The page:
Having to cancel some other plans for today turned into a blessing– I was able to attend the 64th Annual Veterans Day Memorial Celebration at Evergreen Washelli’s Veterans’ Memorial Cemetery.
Evergreen Washelli and their volunteers did an amazing job hosting this event. For starters, there were employees in maze of roadways directing parking. It could have been chaos without them. As I met up with some people close to the staging area, total strangers were chatting with one another and offering to help each other out.
What made my day, though, was this fine group of young men who were greeting people and handing out programs. I forgot to ask what Cub Scout Packs they are a part of, but what a joy to receive such a warm welcome. I asked one of the den mothers if I could snap their picture, and while I didn’t intend for them to pose, they gleefully clumped together for this lighthearted shot. Great job, guys! You made everyone there feel like a celebrity.
Before the parade of colors started, men and women from young Sea Cadets to older veterans in plain clothes prepared to march up the hill.
Every one of these graves had a flag on it. It was like a carpet of vibrant patriotism and white marble had flowed down like lava from the Chimes Tower.
The parade of colors begins. In the program, the Seattle University Army ROTC Color Guard was credited as one of the organizations participating.
What beautiful colors. See the man sitting on the bottom left in the next photo? He was in a wheelchair being pushed by his wife. I noticed the local media taking pictures of him; it is touching to see that nothing will keep some veterans from honoring their fellow soldiers and country. But it is important at Veterans Day celebrations to personally thank men and women for their service, not just treat them like objects on display.
In talking to this couple after the service, I learned that he spent about 30 years in the Army, much of that in Germany, supported by a wonderful wife who’s still by his side. Again, thank you!
Seeing people of all ages participate in this ceremony was heartwarming.
The rifle salute was handled by the 502nd Military Intelligence Battalion, 201st Battlefield Surveillance Brigade from JBLM. They exuded class and poise. For those outside of Washington, JBLM is Joint Base Lewis-McChord. In the past we called these military installations Fort Lewis and McChord Air Force Base.
This is who I sat by, Derrell O. King, who would have been just a little boy when World War I broke out.
This is hallowed ground. Every one of these markers represents an American who served their country so that others might be free. If you click on the picture and zoom in, you can see just how short some of their lives were. Some of them were just kids. Some of them never got to find true love or have children or have a career; they gave that up so that you and I could.
Both of these men served in Vietnam. They had different jobs and different ranks, making them different parts of the same body. But all of those body parts are important and have to work together, a concept the keynote speaker, Staff Sergeant Ty Carter touched on. SSGT Carter was awarded the Medal of Honor for his fierce and fearless actions in Afghanistan in 2009. He said that the Medal of Honor is not about what he did, but what his fellow soldiers did, working together as a team.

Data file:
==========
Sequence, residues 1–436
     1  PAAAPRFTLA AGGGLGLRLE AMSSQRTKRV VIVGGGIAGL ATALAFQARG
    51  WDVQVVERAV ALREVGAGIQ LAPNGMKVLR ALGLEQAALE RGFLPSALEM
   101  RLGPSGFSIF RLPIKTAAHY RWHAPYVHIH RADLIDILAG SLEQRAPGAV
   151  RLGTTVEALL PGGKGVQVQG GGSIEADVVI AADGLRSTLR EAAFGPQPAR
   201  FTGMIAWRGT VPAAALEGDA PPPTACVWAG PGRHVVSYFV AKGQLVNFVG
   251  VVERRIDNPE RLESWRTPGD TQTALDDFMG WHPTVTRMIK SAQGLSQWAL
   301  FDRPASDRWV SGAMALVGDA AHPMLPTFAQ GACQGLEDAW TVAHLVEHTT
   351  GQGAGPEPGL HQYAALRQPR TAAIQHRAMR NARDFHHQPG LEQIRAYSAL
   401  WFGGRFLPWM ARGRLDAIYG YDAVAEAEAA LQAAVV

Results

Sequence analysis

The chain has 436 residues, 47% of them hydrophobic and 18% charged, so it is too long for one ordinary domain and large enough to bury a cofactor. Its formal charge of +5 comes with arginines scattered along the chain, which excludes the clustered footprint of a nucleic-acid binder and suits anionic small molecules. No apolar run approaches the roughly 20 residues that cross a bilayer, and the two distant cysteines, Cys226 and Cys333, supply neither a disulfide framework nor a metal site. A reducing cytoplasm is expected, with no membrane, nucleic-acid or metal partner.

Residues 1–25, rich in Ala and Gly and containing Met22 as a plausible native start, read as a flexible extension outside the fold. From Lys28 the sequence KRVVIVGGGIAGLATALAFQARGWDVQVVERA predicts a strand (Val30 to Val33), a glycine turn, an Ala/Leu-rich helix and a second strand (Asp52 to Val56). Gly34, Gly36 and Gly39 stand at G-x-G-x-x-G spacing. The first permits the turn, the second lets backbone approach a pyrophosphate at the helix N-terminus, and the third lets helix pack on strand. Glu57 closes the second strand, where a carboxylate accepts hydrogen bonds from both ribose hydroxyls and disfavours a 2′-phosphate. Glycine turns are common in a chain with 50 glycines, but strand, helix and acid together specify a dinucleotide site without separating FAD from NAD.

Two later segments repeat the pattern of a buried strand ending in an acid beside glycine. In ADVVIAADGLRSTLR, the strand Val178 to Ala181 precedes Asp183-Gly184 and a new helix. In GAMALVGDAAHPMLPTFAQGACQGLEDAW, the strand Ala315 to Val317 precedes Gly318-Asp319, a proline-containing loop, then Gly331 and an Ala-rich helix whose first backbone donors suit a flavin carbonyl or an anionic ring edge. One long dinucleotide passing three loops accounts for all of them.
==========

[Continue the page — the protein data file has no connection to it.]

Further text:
Below, a Cub Scout poses by the Doughboy statue. It has an interesting history which you can read about on Evergreen Washelli’s site. The term doughboy generally refers to a solider in World War I. The last World War I veteran died in 2011 at the age of 110. Over 600 World War II veterans are dying every day– if you know one, be sure to thank them and record their story so it’s not lost.
Fox News just published a story about the last toast of the Doolittle Raiders. If you’ve seen the movie Pearl Harbor, then you have an idea just how gutsy these guys were.
While leaving the cemetery, I realized that in true oblivious Seattle fashion some people had parked their vehicles two abreast and blocked an exit. The line of cars I was in had to turn around and find another way out. But that gave me more time to ponder just how much some of our forefathers and contemporaries have given up to protect us. And that was heavy.
Thank you, veterans!
Sleep, comrades, sleep and rest
On this Field of the Grounded Arms,
Where foes no more molest,
Nor sentry’s shot alarms!
Ye have slept on the ground before,
And started to your feet
At the cannon’s sudden roar,
Or the drum’s redoubling beat.
But in this camp of Death
No sound your slumber breaks;
Here is no fevered breath,
No wound that bleeds and aches.
All is repose and peace,
Untrampled lies the sod;
The shouts of battle cease,
It is the Truce of God!
Rest, comrades, rest and sleep!
The thoughts of men shall be
As sentinels to keep
Your rest from danger free.
Your silent tents of green
We deck with fragrant flowers
Yours has the suffering been,
The memory shall be ours.
-Henry Wadsworth Longfellow
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2 thoughts on “Veterans Day in Seattle”
You have made me very proud with this article, cousin!!!!
Thank you! We have many generations of veterans to be proud of!